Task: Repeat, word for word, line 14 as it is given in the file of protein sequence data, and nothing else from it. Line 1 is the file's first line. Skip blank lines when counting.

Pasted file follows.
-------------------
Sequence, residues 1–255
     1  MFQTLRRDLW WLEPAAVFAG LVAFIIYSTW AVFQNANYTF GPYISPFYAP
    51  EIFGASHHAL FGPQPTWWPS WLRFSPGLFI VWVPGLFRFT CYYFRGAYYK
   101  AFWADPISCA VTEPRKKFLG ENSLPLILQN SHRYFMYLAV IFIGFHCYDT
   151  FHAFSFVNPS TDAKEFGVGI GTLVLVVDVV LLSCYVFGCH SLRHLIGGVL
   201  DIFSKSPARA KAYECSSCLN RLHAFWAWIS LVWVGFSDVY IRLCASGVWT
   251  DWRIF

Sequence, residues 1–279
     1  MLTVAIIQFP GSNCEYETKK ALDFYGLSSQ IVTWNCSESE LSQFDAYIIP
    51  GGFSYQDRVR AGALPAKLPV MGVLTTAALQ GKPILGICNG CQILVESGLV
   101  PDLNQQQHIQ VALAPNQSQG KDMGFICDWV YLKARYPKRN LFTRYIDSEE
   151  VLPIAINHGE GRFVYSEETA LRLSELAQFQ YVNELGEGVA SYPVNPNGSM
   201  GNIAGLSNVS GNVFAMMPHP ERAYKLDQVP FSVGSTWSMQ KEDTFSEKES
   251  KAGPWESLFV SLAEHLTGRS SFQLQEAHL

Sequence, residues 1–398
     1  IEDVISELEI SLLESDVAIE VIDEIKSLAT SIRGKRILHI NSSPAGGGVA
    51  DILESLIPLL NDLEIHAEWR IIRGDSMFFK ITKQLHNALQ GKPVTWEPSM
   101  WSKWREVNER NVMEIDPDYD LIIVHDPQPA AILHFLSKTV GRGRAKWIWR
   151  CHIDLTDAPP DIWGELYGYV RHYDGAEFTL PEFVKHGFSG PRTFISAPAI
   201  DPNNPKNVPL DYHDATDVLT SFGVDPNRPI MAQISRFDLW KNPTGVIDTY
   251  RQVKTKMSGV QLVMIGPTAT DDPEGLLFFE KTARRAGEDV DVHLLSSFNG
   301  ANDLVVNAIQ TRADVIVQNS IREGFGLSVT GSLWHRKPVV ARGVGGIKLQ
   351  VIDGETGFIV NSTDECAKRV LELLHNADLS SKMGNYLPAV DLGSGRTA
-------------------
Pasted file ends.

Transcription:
   251  KAGPWESLFV SLAEHLTGRS SFQLQEAHL